In addition, the employee gets experience and access to additional opportunities that they would not otherwise have.

I Callahan said...

Walmart (and others) cheat the payers because we are paying benefits to their staff.

Here we go with this again.

Shorter PB&J: The government screws up by giving the poor too much in benefits. So it's WalMart's fault that the government pays these people.

PBandJ_LeDouanier said...

"Shorter PB&J: The government screws up by giving the poor too much in benefits. So it's WalMart's fault that the government pays these people."

That's it.

But, I'm open to taking the direct blame off of Walmart and putting it on whatever gov entities put together all the benefit packages. And, presumably we can agree that this gov spending makes it easier for Walmart et. al. to pay folks less dough, which is good for Walmart (and the rest) profits. The public is subsidizing Walmart (and others) profits.

It'd be much better to get rid of all the benefits and let the employees sink or swim w/ based on their negotiating ability. Presumably some folks may be willing to work for even less than they currently make because w/o any job they'd have zero income (since we'd remove labor market distorting welfare) this way they and their kids (if applicable) would be starve to death. Liberty and freedom.

If you make food into a right, next thing you know they'll think health care is a right. It doesn't take a lawprof or Mr Kahn to understand that there is no right to food or health care.

tim maguire said...

I can't help but notice the lnk goes to thinkprogress.

roughly 1,500-vote margin -- or 14 percentage points in a small district where many Democrats had re-registered as Republicans to help defeat him.

Huh...

buwaya said...

So, PB&J, not complaining about Kansas anymore?

PBandJ_LeDouanier said...

B,

I still think that Kansas should immediately lower more taxes for rich folks because doing so will actually increase tax revenue. The only reason tax revenues haven't shot up w/ previous tax cuts is that they were too small. This is basic supply side stuff.

buwaya said...

But, PB&J, was that the problem?

Or have you acknowledged that the current situation may not be addressed by your proposed solution? Such as the place taxes go, such as the widely understood education scam, more than anything else?

Just trying to pin you down, accurately, with a sufficiently sharp needle.

BTW, your neighbors in Oregon may need your help and advice, much more so than the good Republicans of Kansas.

PBandJ_LeDouanier said...

"But, PB&J, was that the problem?"

You've got me mixed up w/ Tom Frank. I think Kansas is cool. But, they could be even better w/ some more supply side tax cuts.

PBandJ_LeDouanier said...

Oregon's decided to soothe there worries in a unique way:

http://www.cnbc.com/2013/11/25/

PBandJ_LeDouanier said...

That link seems off.

This is better:

http://www.cnn.com/2015/02/10/living/cuddle-con-irpt/index.html

Terry said...

PB&J wrote:
"The only reason tax revenues haven't shot up w/ previous tax cuts is that they were too small. This is basic supply side stuff."
Do you know what the opposite of supply side is? It's demand side, aka keynesian economics. Paul Krugman is a demand-sider.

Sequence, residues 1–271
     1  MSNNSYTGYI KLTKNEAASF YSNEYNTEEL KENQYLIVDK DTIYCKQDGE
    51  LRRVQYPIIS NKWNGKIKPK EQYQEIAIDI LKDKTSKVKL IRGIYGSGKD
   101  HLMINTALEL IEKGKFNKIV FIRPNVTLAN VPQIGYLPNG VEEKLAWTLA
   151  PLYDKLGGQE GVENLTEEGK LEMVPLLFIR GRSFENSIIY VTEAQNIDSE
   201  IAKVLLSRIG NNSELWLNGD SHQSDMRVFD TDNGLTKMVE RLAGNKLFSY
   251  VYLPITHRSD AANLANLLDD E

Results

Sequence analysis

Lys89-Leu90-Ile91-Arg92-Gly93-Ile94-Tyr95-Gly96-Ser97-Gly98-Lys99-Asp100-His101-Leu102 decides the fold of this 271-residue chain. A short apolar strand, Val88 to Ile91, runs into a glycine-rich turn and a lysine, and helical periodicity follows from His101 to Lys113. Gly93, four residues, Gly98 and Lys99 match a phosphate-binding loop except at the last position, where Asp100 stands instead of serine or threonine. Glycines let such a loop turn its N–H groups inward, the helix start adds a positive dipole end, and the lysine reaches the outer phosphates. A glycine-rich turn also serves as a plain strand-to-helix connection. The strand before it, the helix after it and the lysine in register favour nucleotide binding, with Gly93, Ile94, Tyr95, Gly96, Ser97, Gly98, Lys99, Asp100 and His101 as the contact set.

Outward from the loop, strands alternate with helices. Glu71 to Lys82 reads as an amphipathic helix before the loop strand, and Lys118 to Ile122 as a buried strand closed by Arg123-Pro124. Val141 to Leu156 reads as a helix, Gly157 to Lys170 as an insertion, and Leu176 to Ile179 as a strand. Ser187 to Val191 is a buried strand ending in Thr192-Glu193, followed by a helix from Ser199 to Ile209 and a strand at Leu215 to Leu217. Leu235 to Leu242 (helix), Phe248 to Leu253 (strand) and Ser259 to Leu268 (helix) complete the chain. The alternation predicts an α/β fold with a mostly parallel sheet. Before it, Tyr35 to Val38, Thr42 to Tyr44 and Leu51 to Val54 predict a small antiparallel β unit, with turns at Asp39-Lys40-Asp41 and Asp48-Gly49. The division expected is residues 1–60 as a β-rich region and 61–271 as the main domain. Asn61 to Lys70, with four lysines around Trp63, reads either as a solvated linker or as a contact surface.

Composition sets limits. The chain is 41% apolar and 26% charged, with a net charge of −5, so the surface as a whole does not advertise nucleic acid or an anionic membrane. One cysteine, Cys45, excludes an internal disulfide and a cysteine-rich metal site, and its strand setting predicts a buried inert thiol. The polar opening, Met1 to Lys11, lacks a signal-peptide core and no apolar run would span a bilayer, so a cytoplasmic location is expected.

Krugman believes that the 2009 stimulus package, the biggest stimulus package IN THE HISTORY OF THE UNIVERSE was too small. We doubled US public debt in 8 years BUT IT WASN'T BORROWING ENOUGH!
Also there are things called "necessary but insufficient causes." You should look into that.

PBandJ_LeDouanier said...

Terry,

That's what makes states that cut (or raise) taxes interesting. When the feds do it they're running a muddy test of supply side because they don't balance their budgets. For example, Reagan cut taxes and he also doubled the debt and tripled the deficit. That debt and deficit part gives a Keynesian boost.

States w/ balanced budget requirements are a more pure test of economic theories.

veni vidi vici said...

"Brownbacklash" connotes a wet shart hitting the backsplash... and ending up all over the back of the perpetrator's shoes. And belt.

damikesc said...

Walmart does no such thing. If the rate of pay in a given location is X and the government says if you make less than X, we will give you bennies, that is not Walmart's fault. If no one in that area would take the jobs Walmart offers, Walmart would either be forced to raise wages to attract people or close their doors and leave. It is clear A is happening in most places.

Everybody at Wal-Mart makes more than minimum wage.

Todd said...

damikesc said...

Everybody at Wal-Mart makes more than minimum wage.

8/5/16, 6:48 AM


That matches my understanding as well.

Walmart (at least used to) also offer flexible benefits packages such that you could choose which offered benefits you wanted, each with an assigned employee cost. You could trade off benefits for more take-home. Not sure if they still do that or if it is still to the same degree based on things like ACA.

Annie said...

Regarding Walmart employees being on the dole. You can't blame walmart for the bad life choices of some of it's employees. Walmart does not force anyone to have kids out of wedlock, not marry the fathers because if they do, they will not be eligible for free shit. Hang out in any Walmart lounge and you will get tips on the best way to game the system.